A Libertarian Survives Hurricane Matthew

I live in Northeast Florida and just went through Hurricane Matthew.  Although the eye of the hurricane did not make a direct landfall on Florida, it was damaging nonetheless.

I know that some will say the media exaggerated the threat and hyped up the storm.  And certainly, there are some media outlets that did probably over exaggerate certain things.  Still, I would say overall that the coverage did not over exaggerate the situation.

The storm did not make a direct hit, but it was still quite devastating for some people, especially in terms of flooding.  When you have the ocean crashing against houses, it is not a good situation.

I live about 15 miles from the beach and did not have to worry about flooding.  We had friends who live right near the beach stay with us.  They were able to return to their homes rather quickly.  This is a better situation than I have heard from some cities from past storms where residents are prohibited from going back to their homes for days.

As a libertarian, I don’t like the term “mandatory evacuation”.  I understand that it is a safety issue of getting residents out of dangerous zones.  Still, couldn’t they call it a “highly recommended evacuation zone”?

Luckily I did not hear any reports of widespread looting, which can easily happen when the vast majority of residents evacuate.  The lesson from Hurricane Katrina is that the police don’t prevent crime. It is the presence of the general population that prevents it.

The thing that fascinated me the most is the economics of the situation.  In Florida, there are always warnings about so-called price gouging when a storm hits.  It doesn’t matter if the governor and attorney general and other politicians are Republicans or Democrats.

As an advocate of free markets, I hate these price gouging laws.  The politicians act as if they are being so caring, watching out for the people.  But they are an interference in the marketplace that harms individuals.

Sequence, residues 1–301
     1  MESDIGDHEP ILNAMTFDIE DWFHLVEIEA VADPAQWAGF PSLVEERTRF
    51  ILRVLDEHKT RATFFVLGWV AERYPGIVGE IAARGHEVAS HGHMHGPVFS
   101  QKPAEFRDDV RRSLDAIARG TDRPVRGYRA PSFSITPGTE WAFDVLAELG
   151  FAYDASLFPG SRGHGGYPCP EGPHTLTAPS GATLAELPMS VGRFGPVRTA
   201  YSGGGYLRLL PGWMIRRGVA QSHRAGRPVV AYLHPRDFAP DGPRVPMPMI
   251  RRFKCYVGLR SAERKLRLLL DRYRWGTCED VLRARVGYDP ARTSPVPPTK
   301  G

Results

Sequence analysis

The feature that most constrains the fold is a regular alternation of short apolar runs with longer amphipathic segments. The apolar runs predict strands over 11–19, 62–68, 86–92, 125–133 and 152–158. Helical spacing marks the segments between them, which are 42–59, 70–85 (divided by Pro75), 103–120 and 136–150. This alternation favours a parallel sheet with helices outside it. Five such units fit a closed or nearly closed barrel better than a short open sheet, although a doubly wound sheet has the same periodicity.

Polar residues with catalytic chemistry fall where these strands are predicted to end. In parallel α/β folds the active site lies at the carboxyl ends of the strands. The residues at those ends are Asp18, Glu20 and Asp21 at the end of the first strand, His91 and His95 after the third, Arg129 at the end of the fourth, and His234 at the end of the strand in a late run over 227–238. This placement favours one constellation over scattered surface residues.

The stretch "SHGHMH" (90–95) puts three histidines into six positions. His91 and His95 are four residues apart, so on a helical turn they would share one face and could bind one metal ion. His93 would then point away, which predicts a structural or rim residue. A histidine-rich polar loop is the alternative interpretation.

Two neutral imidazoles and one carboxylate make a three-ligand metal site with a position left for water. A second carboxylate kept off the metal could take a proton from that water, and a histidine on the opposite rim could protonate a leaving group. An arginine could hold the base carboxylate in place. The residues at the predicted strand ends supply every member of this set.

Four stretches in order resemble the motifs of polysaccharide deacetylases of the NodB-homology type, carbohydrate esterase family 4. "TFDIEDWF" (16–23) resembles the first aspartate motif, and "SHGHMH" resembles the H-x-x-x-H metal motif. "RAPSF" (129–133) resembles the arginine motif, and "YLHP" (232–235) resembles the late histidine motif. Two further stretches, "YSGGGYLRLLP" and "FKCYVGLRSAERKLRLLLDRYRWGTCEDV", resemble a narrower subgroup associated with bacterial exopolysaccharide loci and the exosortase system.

When there is a shortage of supplies, we need for the price mechanism to work more than ever.  Before and after a hurricane, there are typically shortages of many things including bottled water, gasoline, flashlights, batteries, canned food, bread, and hotel rooms.

If businesses were allowed to adjust their prices up, then consumers would conserve more when buying.  You may not buy as many bottles of water if they are double the price of what they normally sell for.  I saw this at the grocery store where all of the cheap loaves of bread were gone.  However, there were a few loaves left of high-end bread (if that is what you want to call it) that sell for almost four dollars.

In addition, when prices go up, it motivates sellers to provide more.  If the price of bottled water doubles in price, it could motivate someone from a hundred miles away to drive in a truck full of water to sell it.  He isn’t going to go to that trouble if there is no profit to be made.

In spite of the price gouging laws, it was still amazing to see the market process work.  We went out the next day and most restaurants were open and grocery stores were open, at least where power had been restored.  The grocery stores use generators to keep their refrigerated and frozen foods.  I really don’t know how the restaurants had good food, whether it was from delivery that day or from generators.

The gas stations with power were up and running again too.  They had mostly run out of gas just before the storm hit.  It didn’t take long to get replenished.

This just shows the great advantages of a high division of labor society with a large population.  Due to having a gas stove, we didn’t have a cold meal at home and we ate out about 24 hours after the height of the storm.

It is simply amazing how well off we are in our high division of labor society.  It is too bad that government at all levels inhibits our living standards as much as is the case.  We could be even better off if government spending and regulations were to shrink.

In conclusion, the hurricane showed just how much damage could be done, even without a direct hit.  But even with the damage, the marketplace is able to adjust very quickly and get people back on track to a normal life again.

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